Saturday, August 17, 2019
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In Memoriam Ray Clough

Ray W. Clough

We are sad to learn that Ray William Clough, Professor Emeritus of the University of California, Berkeley, passed away on October 8, 2016 in the age of 96. He was the last living pioneer of the first hour for the Finite Element Method; in fact he was the person who coined the Name “Finite Element Method” in a paper in 1960.

After earning a BS degree in Civil Engineering from the University of Washington in his home town Seattle, Ray Clough first served in the Air Force’s weather service and in an engineer aviation unit, before he could finish his graduate studies at MIT with a PhD. He accepted a position as Assistant Professor at the Civil Engineering Department at UC Berkeley in 1949. Since his MIT curriculum included a course in Dynamics of Aircraft Dynamics his teaching should emphasize the dynamic response of structures to earthquake excitation. This topic became the main area for a very successful career in science and application. Since the dynamics for earthquake engineering was not at all developed at that time he applied to the Boeing Summer Faculty Program in 1952 where he was assigned to the Structural Dynamics group supervised by Jon Turner. Clough’s job was to analyze the vibration properties of a ‘delta’ wing structure. The model using 1D beam structures turned out to be inappropriate, so a year later he followed Turner’s suggestion applying 2D plate elements. As an outcome of this cooperation of two ingenious engineers the often cited so-called ‘first paper in the history of FEM’ was written in 1953 but published not until 1956.

Although Ray Clough mentions in one of his recollections that Turner “essentially defined the concept of the FEM” he was the person who introduced and developed the method in the academic world. He realized the increasing potential of modern computers in performing powerful structural analyses not being possible the years before. Professor Clough was a great inspiration to his colleagues and in particular to a new generation of students. It was the golden age of the famous Berkeley Finite Element School which not only produced a large number of excellent scientists in this field but also attracted innumerable scholars from all areas of the world. Many of us benefitted from this unique research atmosphere which can be traced back to a great deal to Ray Clough’s outstanding personality.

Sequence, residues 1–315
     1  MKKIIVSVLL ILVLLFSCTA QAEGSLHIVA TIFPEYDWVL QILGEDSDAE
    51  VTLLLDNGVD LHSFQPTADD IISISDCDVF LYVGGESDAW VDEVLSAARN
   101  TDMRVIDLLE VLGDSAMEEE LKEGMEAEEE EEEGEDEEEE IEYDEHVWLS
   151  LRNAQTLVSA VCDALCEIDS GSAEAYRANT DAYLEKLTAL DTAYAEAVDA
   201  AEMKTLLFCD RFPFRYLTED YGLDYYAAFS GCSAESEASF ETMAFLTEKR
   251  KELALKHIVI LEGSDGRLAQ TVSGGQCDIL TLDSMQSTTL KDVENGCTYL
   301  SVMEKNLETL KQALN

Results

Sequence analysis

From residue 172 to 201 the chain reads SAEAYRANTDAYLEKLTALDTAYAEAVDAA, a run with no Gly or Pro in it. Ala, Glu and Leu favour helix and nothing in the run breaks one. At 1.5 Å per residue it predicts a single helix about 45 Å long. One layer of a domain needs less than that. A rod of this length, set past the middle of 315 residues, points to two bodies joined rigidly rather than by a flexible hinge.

According to his own recollection Ray Clough referred to the successful works of his young colleagues in the development of the FEM and stated that he "used the method continually to gain understanding of the behavior to be expected in a given structural system"; in other words relatively early he concentrated again on his main subject earthquake engineering and became also a leader in this field. So he could exploit the enormous capabilities of the new computational method which he essentially developed. The establishment of the Earthquake Engineering Research Center at Berkeley is credited to Professor Clough. He derived fundamental concepts for dynamic analyses of tall buildings and dam structures which became the basis for standards, design and commercial computer codes. The treatise Dynamics of Structures, co-authored with J. Penzien in 1975, became a basic textbook used in many countries. Being an authority in earthquake engineering he served as consultant for many high-rise buildings in the Bay Area leading to a fundamental change in the seismic design of structures in the early 1970ies. Of his many distinctions we would like to mention only the memberships in the National Academies of Sciences and of Engineering, the National Medal of Science and the Benjamin Franklin Medal. He taught at Berkeley until his retirement in 1987, when he moved to Oregon where he spent the remaining years.
Clough had a close relationship to many colleagues and friends in Europe where he regularly spent his sabbaticals, in particular in Norway,  and attended also ECCOMAS Conferences, so the ECCM 1999 in Munich and the Vienna Congress in 2004. We also would like to mention that he was awarded the Prince Philip Medal of the Royal Academy of Engineering in London.
Ray Clough was an outstanding scholar and great person in our scientific community. Most people will remember him as one of the great pioneers of the Finite Element Method, as the man who coined the name of this powerful method. However it would not do justice to him if we would not equally acknowledge his distinguished achievements in the development and application of earthquake engineering.  

Ekkehard Ramm